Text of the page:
Chasing Dreams Racing 2008’s favored Noble’s Promise, the fifth-place finisher behind Super Saver in the 2010 Kentucky Derby, returned to Churchill Downs on Saturday and wore down Atta Boy Roy in the stretch to score a one-length victory in the star-studded 23rd running of the $110,300 Grade III Aristides Stakes for 3-year-olds and up at six furlongs.

            The victory by Noble’s Promise completed a memorable day for trainer Ken McPeek, who swept Saturday’s pair of featured Grade III races at the home of the Kentucky Derby.  McPeek also saddled Salty Strike to win the $109,300 Dogwood Stakes for 3-year-old fillies earlier in the day.

            Noble’s Promise, one of three Grade I stakes winners in the eight-horse field for the Aristides, rallied from fourth under jockey Alan Garcia and paid $5.20, $3.60 and $2.40.  Atta Boy Roy, the Aristides runner-up for the second consecutive year, led most of the way under Jesus Castanon before giving way in the final yards and returned mutuels of $11.00 and $5.40.  Capt. Candyman Can, who broke slowly under Calvin Borel, rallied in the stretch to finish a clear third and paid $2.40 to show.

            The winner scored his first graded stakes victory since a win in Keeneland’s Dixiana Breeders’ Futurity in October of 2009.  He had won last fall’s $85,000 Jimmy V Stakes during Breeders’ Cup Weekend at Churchill Downs.  In his previous start, Noble’s Promise had finished a close fifth to Aikenite in his first start of the year in the Grade II Churchill Downs Stakes on Kentucky Derby Day.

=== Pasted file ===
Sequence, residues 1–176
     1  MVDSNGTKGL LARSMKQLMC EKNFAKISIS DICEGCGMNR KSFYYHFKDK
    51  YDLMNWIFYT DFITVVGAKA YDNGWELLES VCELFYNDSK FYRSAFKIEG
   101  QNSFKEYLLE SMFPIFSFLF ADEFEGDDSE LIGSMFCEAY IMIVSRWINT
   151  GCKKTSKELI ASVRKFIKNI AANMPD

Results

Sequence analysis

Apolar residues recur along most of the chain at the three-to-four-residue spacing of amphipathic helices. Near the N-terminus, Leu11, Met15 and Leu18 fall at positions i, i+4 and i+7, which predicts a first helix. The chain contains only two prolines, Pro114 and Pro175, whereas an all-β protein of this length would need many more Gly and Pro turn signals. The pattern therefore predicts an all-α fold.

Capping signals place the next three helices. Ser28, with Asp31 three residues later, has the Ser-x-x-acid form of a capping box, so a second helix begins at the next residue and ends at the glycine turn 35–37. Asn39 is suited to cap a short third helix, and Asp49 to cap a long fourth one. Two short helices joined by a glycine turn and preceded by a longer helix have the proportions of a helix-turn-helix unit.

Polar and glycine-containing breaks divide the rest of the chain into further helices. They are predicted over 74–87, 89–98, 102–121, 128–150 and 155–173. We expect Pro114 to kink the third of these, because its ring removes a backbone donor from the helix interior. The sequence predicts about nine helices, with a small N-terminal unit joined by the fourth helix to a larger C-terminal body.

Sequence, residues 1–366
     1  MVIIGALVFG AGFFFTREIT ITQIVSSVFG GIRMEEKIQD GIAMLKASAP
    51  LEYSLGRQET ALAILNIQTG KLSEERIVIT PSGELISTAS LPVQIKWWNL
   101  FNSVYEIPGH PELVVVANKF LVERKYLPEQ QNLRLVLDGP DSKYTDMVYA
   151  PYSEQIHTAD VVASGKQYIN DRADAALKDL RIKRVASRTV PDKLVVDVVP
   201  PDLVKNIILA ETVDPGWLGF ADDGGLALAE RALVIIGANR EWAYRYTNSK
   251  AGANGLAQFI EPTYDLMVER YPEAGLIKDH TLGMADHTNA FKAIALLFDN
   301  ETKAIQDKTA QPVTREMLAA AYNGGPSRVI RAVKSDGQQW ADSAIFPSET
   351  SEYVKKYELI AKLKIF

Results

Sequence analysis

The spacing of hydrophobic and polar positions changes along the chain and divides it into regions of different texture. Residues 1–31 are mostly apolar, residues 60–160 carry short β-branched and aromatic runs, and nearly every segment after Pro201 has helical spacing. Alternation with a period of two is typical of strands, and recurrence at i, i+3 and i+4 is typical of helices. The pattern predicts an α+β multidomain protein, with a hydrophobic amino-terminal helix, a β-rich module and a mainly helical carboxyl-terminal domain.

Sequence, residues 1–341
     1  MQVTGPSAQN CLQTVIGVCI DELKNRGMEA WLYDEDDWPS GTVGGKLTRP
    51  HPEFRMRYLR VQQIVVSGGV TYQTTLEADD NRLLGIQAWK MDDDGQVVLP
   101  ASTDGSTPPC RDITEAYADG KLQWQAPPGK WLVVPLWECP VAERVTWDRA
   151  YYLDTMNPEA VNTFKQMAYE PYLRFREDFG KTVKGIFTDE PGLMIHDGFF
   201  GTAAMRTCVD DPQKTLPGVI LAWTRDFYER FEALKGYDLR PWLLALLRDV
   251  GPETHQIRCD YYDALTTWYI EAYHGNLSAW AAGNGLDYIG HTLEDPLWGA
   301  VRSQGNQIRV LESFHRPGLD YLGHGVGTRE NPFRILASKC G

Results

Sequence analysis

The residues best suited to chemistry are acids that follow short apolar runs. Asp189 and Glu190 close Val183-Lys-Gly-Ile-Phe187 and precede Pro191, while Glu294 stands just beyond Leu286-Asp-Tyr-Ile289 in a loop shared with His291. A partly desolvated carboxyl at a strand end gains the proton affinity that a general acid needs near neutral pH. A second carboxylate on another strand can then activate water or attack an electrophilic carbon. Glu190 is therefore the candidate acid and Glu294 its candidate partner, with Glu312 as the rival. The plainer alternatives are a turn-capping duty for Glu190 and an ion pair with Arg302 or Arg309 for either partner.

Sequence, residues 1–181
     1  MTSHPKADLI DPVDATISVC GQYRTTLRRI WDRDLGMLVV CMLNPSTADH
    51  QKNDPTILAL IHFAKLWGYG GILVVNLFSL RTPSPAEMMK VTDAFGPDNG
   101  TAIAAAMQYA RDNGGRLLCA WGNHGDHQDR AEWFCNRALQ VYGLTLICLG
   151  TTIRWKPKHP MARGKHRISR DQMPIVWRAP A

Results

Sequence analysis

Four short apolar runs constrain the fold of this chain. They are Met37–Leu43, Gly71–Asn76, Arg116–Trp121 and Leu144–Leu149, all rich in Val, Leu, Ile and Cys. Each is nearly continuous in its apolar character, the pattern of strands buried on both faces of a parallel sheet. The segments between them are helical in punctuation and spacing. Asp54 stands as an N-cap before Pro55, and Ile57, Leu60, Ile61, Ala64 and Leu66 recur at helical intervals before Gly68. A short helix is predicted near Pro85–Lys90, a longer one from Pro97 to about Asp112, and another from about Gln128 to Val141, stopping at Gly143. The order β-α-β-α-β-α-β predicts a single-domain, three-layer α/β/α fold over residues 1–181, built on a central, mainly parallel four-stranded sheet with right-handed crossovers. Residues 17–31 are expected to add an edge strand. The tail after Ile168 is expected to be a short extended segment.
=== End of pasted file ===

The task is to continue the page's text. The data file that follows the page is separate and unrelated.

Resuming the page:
The Aristides victory improved the career record of Noble’s Promise to 5-3-1 in 14 races and made the son of Cuvee racing’s latest millionaire.  The winner’s prize of $66,336 pushed his career earnings to $1,027,774.  The Aristides victory was the second for McPeek, who won the race in 2009 with Bold Start.  The winner covered six furlongs over a fast track in 1:08.74.

            “It’s always fun to win two stakes in one day,” McPeek said.  “He’s a nice horse and now he’s a millionaire. There were some other nice horses in the race, but I thought they would have a tough time beating him today.”

            Noble’s Promise joined third-place finisher Capt. Candyman Can and Here Comes Ben, who finished sixth, as Grade I stakes winners in the strong Aristides field.  The field also included the 1-2-3 finishers in the 2010 Aristides in Riley Tucker, Atta Boy Roy (who also won the Grade II Churchill Downs over the track in 2010) and Cash Refund.  Hurricane Ike won the Grade III The Cliff’s Edge Derby Trial in 2010.

            Cash Refund blew out of the starting gate to take the early lead in the Aristides, but was joined after the opening quarter by Atta Boy Roy, who had the lead at the half-mile in a swift :44.46, and Noble’s Promise moved under Garcia to join the leading duo.  Capt. Candyman Can, Here Comes Ben, and Riley Tucker all broke slowly, with the former making the steadiest progress of that trio as the battle continued on the front end.  Atta Boy Roy and Castanon pushed clear of Noble’s Promise and Cash Refund at the top the stretch, but Garcia sent the eventual winner after the leader and Capt. Candyman Can launched a bid on the far outside.  The top pair battled through the latter part of the stretch before the stubborn Atta Boy Roy gave way late and Noble’s Promise pushed clear.  

            Good Lord, the second longest shot in the field at 34-1, hopped at the start but rallied to finish fourth, three lengths behind Capt. Candyman Can.  He was followed past the finish by Riley Tucker, Here Comes Ben, Hurricane Ike and early pacesetter Cash Refund.